When it took two elections and four Student Government Supreme Court justice resignations for us to finally crown our 2016-2017 Executive Alliance, the Texan Editorial Board spoke out against UT’s toxic campaign culture. They highlighted the prevalence of this issue throughout the years—making mention of instances where students have gone so far as to sue the state and the University. The board also rightfully points out the functional limitations of Student Government, historically spending a lot of time passing many resolutions written to express what it thinks UT should be, but not having enough power to enact its ideals.
The campus carry issue is a button-pusher for most University students and staff. The Daily Texan’s Josephine Maclean column outlines the way different universities across the state are trying to comply with Senate Bill 11. She draws attention to the comparative differences between UT and A&M, which additionally provides further insight into their distinctly different campus cultures. UT has vocally pushed back on any allowance of guns on campus, while A&M’s student body is split on the issue.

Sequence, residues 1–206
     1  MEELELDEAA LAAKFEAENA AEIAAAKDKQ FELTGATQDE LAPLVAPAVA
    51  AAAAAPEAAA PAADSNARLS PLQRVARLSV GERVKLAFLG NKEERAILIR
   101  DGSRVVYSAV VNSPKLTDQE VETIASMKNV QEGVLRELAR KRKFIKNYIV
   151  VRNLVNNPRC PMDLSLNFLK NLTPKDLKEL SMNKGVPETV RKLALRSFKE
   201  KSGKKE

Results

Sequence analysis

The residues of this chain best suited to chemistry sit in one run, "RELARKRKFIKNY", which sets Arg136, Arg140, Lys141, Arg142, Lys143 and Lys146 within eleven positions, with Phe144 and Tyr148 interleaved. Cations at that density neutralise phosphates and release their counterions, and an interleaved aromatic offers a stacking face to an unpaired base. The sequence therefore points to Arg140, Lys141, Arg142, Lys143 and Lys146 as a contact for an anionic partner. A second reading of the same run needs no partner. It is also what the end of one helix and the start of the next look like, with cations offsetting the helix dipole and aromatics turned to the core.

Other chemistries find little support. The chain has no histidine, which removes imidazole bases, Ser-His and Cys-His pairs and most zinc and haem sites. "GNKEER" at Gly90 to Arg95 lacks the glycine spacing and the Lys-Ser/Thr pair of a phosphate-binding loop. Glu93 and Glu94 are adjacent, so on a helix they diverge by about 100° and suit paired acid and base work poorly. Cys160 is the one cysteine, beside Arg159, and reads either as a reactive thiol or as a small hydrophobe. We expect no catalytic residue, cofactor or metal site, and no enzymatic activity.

Burnt x is wrapping up its first official year as a publication under Texas Student Media. Intended as an idea to put a Buzzfeed spin on campus culture, burnt x also found its footing as an interactive space on social media for informal online banter and as a place to experiment with video and podcasting. Run by Internet-addicts, burnt x was among the first to notice a sign circulating on Twitter with the words “Texas Teas are your wingman.” The sign—referring to a popular beverage of a high alcohol content percentage—was located outside of popular West Campus hangout Cain and Abel’s. Burnt x flagged this as an unacceptable perpetuation of a national campus sexual assault problem and, consequently, broke the story in hopes of demonstrating the prevalence of this dominant mentality.